Half my current lifetime ago, on a busy highway in the Mojave of California, my two eldest brothers died in a grey 1987 Honda Civic. Neither of them were wearing a seat belt, neither of them suffered more than a few seconds. A few seconds. Long enough to exhale a breath, for the heart to beat a few times, for a head to settle on the shoulder of the brother sitting in the driver's seat.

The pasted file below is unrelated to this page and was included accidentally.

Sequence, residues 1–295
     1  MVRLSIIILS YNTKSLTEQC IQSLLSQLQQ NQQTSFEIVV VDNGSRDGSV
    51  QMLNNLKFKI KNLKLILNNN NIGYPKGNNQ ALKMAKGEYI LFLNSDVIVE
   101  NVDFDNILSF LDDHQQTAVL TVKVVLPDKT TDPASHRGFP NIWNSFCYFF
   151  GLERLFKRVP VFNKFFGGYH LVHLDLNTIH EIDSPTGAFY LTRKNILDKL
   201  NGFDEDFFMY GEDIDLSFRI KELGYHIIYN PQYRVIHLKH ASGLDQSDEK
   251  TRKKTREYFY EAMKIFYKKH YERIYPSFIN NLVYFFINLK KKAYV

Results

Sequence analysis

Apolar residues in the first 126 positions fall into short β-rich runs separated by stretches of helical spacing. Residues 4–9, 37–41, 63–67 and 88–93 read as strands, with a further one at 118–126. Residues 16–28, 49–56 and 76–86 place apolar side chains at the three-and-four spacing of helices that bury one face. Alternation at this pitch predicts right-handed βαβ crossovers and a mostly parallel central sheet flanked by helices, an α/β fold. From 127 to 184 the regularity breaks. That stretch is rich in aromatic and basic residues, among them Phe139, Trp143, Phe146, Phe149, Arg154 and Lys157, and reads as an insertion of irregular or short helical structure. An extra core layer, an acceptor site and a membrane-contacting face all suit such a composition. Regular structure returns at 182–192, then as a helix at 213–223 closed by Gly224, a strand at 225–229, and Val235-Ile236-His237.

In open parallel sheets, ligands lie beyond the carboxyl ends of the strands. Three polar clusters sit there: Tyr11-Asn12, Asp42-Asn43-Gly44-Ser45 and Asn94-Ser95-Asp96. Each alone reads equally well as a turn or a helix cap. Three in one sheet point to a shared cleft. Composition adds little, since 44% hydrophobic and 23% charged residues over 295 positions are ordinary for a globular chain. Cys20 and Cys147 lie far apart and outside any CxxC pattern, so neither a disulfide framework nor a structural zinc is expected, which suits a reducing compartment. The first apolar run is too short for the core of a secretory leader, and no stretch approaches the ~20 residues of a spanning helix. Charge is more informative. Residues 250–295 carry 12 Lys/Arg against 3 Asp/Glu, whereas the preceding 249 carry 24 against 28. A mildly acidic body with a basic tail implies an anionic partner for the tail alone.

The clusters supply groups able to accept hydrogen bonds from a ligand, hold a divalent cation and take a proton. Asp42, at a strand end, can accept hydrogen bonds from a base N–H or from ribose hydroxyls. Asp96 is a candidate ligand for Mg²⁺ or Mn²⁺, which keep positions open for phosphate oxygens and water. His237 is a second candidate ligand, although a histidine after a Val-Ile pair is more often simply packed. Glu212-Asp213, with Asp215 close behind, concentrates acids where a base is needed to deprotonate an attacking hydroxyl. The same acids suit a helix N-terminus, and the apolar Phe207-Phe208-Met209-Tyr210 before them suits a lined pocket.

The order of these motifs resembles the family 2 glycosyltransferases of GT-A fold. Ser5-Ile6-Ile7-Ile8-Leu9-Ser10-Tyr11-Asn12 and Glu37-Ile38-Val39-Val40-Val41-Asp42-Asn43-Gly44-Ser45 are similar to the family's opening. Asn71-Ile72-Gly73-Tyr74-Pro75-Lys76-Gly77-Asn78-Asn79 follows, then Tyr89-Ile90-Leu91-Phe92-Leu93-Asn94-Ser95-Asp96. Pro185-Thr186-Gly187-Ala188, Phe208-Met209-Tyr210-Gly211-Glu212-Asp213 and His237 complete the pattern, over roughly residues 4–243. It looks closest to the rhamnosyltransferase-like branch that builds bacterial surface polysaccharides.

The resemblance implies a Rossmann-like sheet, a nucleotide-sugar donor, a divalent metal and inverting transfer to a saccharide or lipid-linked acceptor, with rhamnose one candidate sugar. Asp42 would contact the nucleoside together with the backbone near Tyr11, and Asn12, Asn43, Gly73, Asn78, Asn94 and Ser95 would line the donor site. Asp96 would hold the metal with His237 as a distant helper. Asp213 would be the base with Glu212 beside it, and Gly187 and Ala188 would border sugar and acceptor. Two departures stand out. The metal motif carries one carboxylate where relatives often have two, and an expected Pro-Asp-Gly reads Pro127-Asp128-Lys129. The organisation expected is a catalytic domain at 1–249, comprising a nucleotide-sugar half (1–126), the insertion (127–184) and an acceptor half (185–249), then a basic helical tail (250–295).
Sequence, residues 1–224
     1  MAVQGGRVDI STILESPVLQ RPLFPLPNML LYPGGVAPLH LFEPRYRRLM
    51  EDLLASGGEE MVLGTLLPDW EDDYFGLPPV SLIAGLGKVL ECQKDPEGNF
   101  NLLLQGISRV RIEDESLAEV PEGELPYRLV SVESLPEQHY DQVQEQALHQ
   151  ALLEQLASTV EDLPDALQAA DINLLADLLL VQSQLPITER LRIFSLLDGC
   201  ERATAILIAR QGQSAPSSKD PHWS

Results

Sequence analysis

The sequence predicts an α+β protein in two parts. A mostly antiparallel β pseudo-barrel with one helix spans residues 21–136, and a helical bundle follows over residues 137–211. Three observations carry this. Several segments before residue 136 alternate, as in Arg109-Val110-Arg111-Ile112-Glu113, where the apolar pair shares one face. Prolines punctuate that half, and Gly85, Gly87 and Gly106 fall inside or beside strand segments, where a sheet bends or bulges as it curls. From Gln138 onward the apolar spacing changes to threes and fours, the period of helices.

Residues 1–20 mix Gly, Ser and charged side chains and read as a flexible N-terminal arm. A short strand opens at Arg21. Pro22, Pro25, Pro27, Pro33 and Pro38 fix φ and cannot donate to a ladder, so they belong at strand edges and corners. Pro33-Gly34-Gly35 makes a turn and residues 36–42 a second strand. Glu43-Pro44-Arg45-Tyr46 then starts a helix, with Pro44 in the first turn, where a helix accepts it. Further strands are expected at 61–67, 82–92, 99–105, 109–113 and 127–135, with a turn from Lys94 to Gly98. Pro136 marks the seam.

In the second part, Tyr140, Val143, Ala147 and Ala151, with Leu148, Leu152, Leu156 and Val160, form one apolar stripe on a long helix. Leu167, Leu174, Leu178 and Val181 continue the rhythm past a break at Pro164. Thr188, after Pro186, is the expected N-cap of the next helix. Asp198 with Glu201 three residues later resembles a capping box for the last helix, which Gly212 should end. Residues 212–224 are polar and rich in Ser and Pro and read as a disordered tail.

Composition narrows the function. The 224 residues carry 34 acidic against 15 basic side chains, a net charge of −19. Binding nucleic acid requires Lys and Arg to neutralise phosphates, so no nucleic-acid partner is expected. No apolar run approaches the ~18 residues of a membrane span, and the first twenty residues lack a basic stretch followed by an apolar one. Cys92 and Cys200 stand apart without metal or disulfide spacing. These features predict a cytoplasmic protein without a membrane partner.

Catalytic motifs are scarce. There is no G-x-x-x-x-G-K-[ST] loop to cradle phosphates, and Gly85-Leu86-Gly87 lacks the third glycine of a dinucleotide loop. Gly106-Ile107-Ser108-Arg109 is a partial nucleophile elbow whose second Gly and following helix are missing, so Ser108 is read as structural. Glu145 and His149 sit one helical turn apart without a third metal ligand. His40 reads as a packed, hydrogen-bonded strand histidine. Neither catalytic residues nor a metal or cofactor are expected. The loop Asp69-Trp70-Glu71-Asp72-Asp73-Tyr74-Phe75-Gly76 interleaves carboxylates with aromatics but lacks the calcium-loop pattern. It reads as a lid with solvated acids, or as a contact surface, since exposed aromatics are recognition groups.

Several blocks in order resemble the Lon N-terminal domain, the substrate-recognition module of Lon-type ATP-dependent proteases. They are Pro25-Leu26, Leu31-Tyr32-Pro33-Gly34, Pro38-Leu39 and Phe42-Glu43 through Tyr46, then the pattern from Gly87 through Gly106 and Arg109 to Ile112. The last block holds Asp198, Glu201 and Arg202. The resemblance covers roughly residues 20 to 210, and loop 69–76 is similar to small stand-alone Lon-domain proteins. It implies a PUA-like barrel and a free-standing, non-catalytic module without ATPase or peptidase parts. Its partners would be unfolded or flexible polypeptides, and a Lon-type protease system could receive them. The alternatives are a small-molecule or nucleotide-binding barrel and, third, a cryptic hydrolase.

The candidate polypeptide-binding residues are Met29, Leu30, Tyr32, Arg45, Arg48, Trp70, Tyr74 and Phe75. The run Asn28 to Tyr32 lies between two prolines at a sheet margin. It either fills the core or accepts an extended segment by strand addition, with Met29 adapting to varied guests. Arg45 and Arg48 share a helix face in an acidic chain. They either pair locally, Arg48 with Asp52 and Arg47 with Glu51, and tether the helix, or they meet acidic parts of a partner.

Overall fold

Half my life ago I was a sixteen year-old with a learners' permit and a crush on a boy named Zach. Naive and relatively unfettered, living in what had to be the whitest place in America, where autonomy was not being a member of the dominant religion, I had no idea about the horrors of humanity and that terrible things could happen to my family. We didn't even have to lock our doors at night. But in an instant, that sixteen year-old who wore overalls to high school during sophomore year in January 1999 was jolted from Utopia by a single-car accident in the desert.